Ms. BAXTER: These houses are 4,400 square feet. So you've got 4400, 1800, and 880 square feet. So from the front, it provides kind of an interesting visual. So let's walk along.

CORLEY: In Baxter's backyard, there's a wide porch, some patio furniture, lots of plants, and a small trampoline where her children play. The view to the right is unobstructed, the green lawns of other homes visible. To the left, on her neighbor's property, there used to be a huge oak tree.

Ms. BAXTER: That actually spread its leaves all the way over my yard, and that's what I used to look on. And now I look on this solid brick wall. And more than that, you can see that - that's their backdoor that they use, which is totally visible from my back porch. As you can count, one, two, three -there's windows on the other side. There are four or five windows that now overlook my backyard when there were none before. So, what I lost when they built this, was beauty, first of all; serenity of my own yard; privacy.

CORLEY: There are 830 homes in Kenilworth, and during the last four years, more than 30 demolition permits have been issued. There's been vigorous and often divisive debate. The town has made some zoning changes, restricting building heights, for instance. A building commission can delay demolition permits if a house is found to be architecturally or historically significant. Richard Moe says those are the types of steps the National Trust advises towns to take.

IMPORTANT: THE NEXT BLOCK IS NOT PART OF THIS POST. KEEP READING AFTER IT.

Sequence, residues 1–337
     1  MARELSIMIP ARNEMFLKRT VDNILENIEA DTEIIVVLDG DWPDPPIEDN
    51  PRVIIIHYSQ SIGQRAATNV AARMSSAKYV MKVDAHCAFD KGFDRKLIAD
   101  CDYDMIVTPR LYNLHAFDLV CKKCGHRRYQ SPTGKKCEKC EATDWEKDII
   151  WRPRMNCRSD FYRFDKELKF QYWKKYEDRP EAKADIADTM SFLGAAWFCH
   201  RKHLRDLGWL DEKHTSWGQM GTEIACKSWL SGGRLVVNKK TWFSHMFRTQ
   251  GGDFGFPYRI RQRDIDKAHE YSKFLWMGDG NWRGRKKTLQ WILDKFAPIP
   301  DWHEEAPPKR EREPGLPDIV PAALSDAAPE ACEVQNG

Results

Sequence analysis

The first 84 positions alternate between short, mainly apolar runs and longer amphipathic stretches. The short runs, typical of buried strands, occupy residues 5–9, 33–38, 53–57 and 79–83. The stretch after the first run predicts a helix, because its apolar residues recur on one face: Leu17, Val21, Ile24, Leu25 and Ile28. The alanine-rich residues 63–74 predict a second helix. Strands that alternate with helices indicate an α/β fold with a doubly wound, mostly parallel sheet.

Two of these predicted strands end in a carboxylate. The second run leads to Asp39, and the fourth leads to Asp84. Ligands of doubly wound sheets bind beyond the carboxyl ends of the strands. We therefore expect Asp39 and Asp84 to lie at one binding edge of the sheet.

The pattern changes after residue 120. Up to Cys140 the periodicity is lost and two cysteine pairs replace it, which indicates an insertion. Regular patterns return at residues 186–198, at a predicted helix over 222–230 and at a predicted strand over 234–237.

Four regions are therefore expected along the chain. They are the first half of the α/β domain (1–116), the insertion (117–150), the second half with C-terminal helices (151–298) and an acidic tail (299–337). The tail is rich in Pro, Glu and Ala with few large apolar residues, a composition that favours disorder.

Mr. MOE: We don't maintain that every old house should be preserved. In some cases, it's very appropriate to teardown an older house that has deteriorated or that's no longer suitable for one reason or another. But in many cases, homes can be added on to. That's perfectly appropriate. That happens in a lot of places. And if a house must be torn down, the character of the streetscape on which it sits should be respected.

Mr. BRIAN HICKEY (President, Xchange Properties): We do not have to go far.

CORLEY: This is Brian Hickey, the president of Xchange Properties, a real estate firm that deals exclusively in teardowns.

Mr. HICKEY: As you can see: new house, newer, new...

CORLEY: During a driving tour, Hickey points to the new brick homes that have been built in suburban Clarendon Hills. That area, along with neighboring Hinsdale, is considered the epicenter of the teardown trend.